A freak accident left him convinced he was going to die, but as he lay by the side of a country road awaiting the end, a figure bathed in bright light brought him new hope.
Another Sunday evening. I sat in front of the TV, watching football and eating what I called a tuna special—tuna with whatever happened to be in the fridge. I wasn’t much of a cook. I’d eaten a lot of tuna specials since my wife and I separated a year earlier. Our marriage just couldn’t withstand the grief we’d endured since losing two of our kids. Our son James was born prematurely and lived only 10 days. His older brother, Robert, died six years later at 18 of kidney disease. Not a day passed that I didn’t think of them.
I worked as a landscaper. I had a lot of time to myself as I tended gardens and mowed lawns. My hobby was metal detecting. I’d found all sorts of old and rare coins. That was something I did alone too. My brother, who owned the landscaping company I worked for, told me I needed to get out more. I knew he was right. I just couldn’t bring myself to do anything about it. I guess I could have gone to church. I believed in God, though I constantly wrestled with the question—if God was so holy and peaceful, why was there so much pain and violence in the world? Even in the Bible? I didn’t blame God for what happened to my sons. Still, sometimes I wondered where he’d been then. Had he even noticed?
Some tuna specials were better than others. This one was giving me indigestion. Maybe a walk would help. I lived on a rural road and it was pitch-dark, but I knew my way.
Outside was a cold, moonless November night. I turned right toward town, as I usually did. Up ahead, I saw some rowdy guys by the side of the road—they appeared drunk. I didn’t need them ruining my evening. I turned the other way. No streetlights there, but I didn’t mind. It was just the road and the woods. I wasn’t planning on going far.
I walked a while, then turned around for home. I saw what looked like headlights coming down the road. I stepped onto the shoulder to get out of the way. The ground was oddly soft. I felt myself slip on some wet leaves. Suddenly the earth gave way. I was falling! Plunging headfirst into nothingness. I landed hard. There was a bright flash and a sharp pain in my head. My ribs cracked. My spine twisted. Then I lost consciousness.
When I came to, I was on my back. Through the gloom I could make out a culvert—a large, rectangular open drain of sorts. I must have stepped off the edge of it in the darkness. I was splayed out on jagged rocks beneath it, where water flowed when it rained. Concrete walls on either side of the culvert obstructed my view—I couldn’t see the road above.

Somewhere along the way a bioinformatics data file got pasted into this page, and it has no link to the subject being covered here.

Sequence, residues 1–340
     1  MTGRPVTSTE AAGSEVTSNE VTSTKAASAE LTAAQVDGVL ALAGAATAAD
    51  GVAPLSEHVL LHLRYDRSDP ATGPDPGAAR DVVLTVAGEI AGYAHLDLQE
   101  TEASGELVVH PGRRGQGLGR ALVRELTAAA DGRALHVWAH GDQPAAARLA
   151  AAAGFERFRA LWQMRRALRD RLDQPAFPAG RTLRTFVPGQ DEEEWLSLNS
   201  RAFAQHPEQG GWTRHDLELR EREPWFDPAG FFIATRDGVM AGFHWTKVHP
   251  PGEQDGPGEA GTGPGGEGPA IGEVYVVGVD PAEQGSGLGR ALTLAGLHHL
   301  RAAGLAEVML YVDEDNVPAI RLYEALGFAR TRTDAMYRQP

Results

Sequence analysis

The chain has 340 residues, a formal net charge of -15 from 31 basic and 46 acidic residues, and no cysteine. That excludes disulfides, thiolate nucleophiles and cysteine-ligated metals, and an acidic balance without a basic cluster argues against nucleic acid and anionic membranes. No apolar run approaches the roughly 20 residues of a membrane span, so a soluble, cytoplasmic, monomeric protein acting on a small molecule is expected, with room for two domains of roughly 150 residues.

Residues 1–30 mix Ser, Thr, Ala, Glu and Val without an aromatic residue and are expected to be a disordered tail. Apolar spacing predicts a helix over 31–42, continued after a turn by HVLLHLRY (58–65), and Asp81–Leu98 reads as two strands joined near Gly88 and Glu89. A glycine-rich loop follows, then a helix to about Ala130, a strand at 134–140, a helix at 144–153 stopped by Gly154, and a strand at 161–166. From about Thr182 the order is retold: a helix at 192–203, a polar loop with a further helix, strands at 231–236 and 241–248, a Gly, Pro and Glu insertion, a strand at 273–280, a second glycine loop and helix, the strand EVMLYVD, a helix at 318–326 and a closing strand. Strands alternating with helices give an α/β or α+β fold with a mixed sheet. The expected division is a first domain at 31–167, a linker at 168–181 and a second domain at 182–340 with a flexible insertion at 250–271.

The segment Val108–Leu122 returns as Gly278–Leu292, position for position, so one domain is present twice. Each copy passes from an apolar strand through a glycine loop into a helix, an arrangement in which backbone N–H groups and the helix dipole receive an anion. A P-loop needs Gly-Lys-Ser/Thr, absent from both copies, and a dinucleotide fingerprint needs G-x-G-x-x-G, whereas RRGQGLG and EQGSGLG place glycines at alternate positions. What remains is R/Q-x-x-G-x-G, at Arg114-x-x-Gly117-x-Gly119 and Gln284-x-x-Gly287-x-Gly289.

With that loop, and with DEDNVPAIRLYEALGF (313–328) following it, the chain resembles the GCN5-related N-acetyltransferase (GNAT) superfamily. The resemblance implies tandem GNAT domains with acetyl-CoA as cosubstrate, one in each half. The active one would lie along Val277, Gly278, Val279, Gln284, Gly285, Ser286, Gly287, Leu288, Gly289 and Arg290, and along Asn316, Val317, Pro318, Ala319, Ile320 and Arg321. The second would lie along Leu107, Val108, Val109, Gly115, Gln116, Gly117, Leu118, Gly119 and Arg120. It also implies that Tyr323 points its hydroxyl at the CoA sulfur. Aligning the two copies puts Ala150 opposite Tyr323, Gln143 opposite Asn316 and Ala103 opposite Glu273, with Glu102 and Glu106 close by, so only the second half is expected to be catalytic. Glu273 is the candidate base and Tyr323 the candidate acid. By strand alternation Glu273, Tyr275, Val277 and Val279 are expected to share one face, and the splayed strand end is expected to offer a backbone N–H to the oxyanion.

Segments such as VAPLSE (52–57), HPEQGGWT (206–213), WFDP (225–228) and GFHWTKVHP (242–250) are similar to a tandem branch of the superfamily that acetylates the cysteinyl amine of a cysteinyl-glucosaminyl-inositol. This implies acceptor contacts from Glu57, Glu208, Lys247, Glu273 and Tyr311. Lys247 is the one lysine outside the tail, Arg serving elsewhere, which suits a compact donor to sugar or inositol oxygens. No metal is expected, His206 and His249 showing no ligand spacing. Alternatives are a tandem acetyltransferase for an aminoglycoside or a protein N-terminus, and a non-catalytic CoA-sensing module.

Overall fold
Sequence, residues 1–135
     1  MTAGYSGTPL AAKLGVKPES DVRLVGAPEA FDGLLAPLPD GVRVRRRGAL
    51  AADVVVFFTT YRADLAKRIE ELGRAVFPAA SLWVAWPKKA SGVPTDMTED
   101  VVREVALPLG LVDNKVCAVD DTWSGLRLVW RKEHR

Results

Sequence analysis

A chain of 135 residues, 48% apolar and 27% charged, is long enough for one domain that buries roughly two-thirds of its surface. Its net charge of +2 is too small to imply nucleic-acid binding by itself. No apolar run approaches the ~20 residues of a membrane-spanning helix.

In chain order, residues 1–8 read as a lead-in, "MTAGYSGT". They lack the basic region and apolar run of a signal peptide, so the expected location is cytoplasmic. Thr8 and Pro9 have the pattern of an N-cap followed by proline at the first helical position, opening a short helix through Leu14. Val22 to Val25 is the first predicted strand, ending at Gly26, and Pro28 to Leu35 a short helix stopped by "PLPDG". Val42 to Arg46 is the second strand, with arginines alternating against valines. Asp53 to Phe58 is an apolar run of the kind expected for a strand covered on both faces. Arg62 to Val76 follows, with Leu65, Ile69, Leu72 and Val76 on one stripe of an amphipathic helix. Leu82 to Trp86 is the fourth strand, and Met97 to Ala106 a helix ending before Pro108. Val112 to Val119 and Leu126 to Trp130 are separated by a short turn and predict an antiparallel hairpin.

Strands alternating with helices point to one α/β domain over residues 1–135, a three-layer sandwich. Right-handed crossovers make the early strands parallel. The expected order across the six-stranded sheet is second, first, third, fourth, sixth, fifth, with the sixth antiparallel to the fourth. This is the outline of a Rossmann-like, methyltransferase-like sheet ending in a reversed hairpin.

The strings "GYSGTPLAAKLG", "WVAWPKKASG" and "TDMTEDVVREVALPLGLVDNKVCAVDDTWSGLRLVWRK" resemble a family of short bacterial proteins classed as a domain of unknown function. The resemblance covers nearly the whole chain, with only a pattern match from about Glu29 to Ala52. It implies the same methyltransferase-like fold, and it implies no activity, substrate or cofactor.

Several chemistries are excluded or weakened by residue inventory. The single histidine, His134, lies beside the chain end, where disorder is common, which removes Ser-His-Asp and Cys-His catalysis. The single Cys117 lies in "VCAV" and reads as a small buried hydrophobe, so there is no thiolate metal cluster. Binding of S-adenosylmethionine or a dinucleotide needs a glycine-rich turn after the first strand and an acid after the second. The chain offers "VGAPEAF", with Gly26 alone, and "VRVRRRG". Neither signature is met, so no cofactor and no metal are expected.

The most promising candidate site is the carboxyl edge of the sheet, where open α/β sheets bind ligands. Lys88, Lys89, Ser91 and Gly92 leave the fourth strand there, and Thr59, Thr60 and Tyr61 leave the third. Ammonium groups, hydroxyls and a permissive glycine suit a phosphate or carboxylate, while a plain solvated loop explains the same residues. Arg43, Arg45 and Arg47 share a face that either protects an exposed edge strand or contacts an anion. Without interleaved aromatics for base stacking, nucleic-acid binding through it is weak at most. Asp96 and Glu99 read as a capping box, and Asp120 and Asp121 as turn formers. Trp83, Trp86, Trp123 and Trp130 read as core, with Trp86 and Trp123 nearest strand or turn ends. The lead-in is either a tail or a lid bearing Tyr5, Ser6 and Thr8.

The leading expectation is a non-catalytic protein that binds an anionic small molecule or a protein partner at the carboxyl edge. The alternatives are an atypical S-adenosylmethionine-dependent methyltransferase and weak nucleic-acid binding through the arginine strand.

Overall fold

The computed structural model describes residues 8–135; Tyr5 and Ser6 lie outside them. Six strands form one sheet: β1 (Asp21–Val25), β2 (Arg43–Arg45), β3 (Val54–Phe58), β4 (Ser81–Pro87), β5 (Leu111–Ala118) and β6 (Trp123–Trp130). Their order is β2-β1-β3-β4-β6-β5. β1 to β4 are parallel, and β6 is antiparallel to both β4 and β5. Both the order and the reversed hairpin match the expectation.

I felt massive pressure in my chest. I tried to call for help, but the only sound was a barely audible wheeze. Something trickled down my face. I reached up, and my fingers brushed a massive gash on my head.
You’re in bad shape, Bubba.... You’ve gotta think!
No one knew I was here. No one could even see down here from the road. I had to get up there somehow and hope a passing car saw me. Could I move?
I tried to sit up. Pain seared through my whole body, especially my back. My left arm didn’t work too well. Just move, I told myself. I managed to get on all fours and crawl toward the embankment that led up from the culvert. Every inch was agony.
I reached the embankment and struggled through tangled undergrowth, pulling myself up with branches and tree trunks. It felt like climbing Mount Everest. In my heart, I knew I’d never survive. My only thought was to get up the embankment, so my body would be easier to find later.
My hand bumped into something large and smooth, lying on the ground. A fallen log, probably stripped smooth from age. It was near the road—I could see that. I wrapped an arm around it and hauled myself partly over it, resting on its surface. I put my head on the smooth wood. A good place to die…